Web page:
An Apple Store employee who ranted on Facebook about his job has lost his claim of unfair dismissal
An Apple employee who was sacked after he criticised his job and the company’s products on Facebook, has lost his appeal against his dismissal.
Samuel Crisp claimed unfair dismissal, but the tribunal ruled that although his sacking was harsh, Apple was perfectly within its rights.
In one such tirade, he referenced the company’s tagline when it began to sell Beatles songs on iTunes which read “Tomorrow is just another day which you’ll never forget”. He responded, “Tomorrow’s just another day that hopefully I will forget.”
Apparently Crisp had become disillusioned after missing out on a possible transfer to the US and his boss, Lindsay Cruickshank, was alerted to Crisps’ activity when a colleague and Facebook friend who had seen the posts mentioned it. When he was suspended, Crisp told Cruickshank, “I could do without losing my job” to which he replied “That’s not what this tells me.”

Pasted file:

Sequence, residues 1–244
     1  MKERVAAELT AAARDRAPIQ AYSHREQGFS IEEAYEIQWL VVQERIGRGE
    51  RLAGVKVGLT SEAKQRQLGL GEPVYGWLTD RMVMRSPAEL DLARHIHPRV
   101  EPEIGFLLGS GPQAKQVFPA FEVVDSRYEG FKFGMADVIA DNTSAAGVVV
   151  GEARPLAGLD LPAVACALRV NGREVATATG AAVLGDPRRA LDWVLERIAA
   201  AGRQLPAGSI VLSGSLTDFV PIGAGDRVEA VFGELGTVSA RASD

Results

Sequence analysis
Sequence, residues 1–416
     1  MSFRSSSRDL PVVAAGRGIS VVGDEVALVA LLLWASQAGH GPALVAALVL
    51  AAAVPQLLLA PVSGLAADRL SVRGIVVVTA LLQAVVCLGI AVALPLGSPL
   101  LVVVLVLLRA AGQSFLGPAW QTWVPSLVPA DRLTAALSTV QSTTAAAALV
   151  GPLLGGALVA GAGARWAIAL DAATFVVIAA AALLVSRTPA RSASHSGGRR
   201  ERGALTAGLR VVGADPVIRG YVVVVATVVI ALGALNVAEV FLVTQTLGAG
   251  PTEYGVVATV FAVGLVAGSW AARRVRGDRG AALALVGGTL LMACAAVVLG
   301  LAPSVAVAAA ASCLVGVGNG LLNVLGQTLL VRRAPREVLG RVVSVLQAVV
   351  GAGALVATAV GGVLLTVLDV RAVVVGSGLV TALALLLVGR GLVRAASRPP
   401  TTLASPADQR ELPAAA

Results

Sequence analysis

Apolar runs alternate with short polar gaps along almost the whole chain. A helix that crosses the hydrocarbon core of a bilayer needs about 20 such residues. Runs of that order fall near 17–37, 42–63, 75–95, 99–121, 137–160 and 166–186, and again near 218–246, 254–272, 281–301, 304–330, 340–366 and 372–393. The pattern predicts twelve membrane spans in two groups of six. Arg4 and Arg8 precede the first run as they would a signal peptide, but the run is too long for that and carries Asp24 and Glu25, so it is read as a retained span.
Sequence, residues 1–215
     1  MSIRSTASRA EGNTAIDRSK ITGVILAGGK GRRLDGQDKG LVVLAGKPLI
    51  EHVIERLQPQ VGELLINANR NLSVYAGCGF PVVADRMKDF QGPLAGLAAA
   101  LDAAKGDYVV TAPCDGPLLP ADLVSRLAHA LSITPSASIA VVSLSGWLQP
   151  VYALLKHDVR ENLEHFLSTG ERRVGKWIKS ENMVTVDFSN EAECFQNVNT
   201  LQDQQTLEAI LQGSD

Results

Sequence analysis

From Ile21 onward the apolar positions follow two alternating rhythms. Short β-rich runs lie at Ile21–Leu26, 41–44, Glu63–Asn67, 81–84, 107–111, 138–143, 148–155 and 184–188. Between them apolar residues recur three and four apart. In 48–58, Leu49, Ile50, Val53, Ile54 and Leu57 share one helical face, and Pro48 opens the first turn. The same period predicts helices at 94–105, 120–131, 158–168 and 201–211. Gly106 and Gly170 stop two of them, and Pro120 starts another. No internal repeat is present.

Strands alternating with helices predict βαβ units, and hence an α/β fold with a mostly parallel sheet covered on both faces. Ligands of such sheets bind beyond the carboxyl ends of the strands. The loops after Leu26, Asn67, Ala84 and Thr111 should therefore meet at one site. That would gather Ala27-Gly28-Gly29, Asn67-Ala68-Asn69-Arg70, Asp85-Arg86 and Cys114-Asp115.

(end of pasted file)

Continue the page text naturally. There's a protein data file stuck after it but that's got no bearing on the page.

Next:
The tribunal sided with Apple as it had a clear social media policy which banned critical remarks about the company as it could potentially damage its image, which was so central to its success.
“We take into account their position that the Facebook posts were not truly private and could in fact have been forwarded very easily with the claimant having no control over this process,” said the tribunal.
Earlier this year, a survey found that nearly half of British businesses have formally banned access to social networks in the workplace because they feared damage to their reputation as a result of derogatory comments.
Last year Facebook reached half a billion users, just six years after it launched, but a third of UK companies have blocked social networks because of security concerns.